• If you choose QR codes as your method, you read the book and occasionally scan the codes to get more information. QR codes take you to explanation pages, detailed authors biography, movies connected to books, character descriptions, cool items eBay links, etc.
  • If you choose to "read" it with the AR apps, you scan the book with the app and a cool things like shown here appear. You see how the author imagined characters, beautiful sceneries, environments or monsters to look like. You walk around a small virtual world of the book and explore hidden tracks that give you more information.
  • If you choose to "read" the book using VR glasses, you enter the "book experience" which combines videos, sounds and the book. It's created like a video game where you are still asked to read the book, but you can also become one of the characters and experience the situations from their perspective, explore everything connected to a book via external links, see other people's comments and footprints, listen to sounds, feel the tense situations as if they were real, etc.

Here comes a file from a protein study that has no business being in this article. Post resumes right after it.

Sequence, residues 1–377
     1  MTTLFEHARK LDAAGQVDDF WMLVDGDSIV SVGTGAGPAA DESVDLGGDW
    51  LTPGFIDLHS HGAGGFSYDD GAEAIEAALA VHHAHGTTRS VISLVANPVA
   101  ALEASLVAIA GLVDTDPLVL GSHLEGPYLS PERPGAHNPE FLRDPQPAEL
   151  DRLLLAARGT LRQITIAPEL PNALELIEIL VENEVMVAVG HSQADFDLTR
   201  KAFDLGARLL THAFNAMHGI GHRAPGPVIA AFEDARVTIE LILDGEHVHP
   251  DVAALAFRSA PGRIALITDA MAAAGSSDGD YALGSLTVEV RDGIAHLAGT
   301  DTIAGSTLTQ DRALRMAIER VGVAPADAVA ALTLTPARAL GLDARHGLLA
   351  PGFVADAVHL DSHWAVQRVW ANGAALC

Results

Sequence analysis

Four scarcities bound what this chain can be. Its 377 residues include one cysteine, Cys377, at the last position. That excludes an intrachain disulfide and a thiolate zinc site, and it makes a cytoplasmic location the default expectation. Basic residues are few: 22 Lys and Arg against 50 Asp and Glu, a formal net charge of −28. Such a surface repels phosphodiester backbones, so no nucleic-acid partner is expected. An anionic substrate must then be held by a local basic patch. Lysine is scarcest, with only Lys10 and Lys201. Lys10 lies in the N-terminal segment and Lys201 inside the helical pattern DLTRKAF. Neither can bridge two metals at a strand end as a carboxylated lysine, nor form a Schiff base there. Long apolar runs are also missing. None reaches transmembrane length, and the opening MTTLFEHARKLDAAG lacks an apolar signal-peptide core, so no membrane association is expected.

Additional information
The open-source code
The digital book experience could be made open-source to allow the continuous growth of every book into a world of its own. People will always be asked to read the book, but the number of add-ons would be increasing. That way, if you experience some situations in a different way, you could create a simulation or write your comments, which would be available for other users. If you are an artist, you could create a 3D model of the character so that the other people who read the book can choose which one they like to be represented through the whole reading. If you find incredible similarities of the situation and some song, you could post it for the others to see it too. That way, we could create a digital world, a giant experience vrap around every book to allow socializing, meeting people, developing skills, learning and enjoying every book.
Note: The idea was inspired by by Goran Radanovic's session .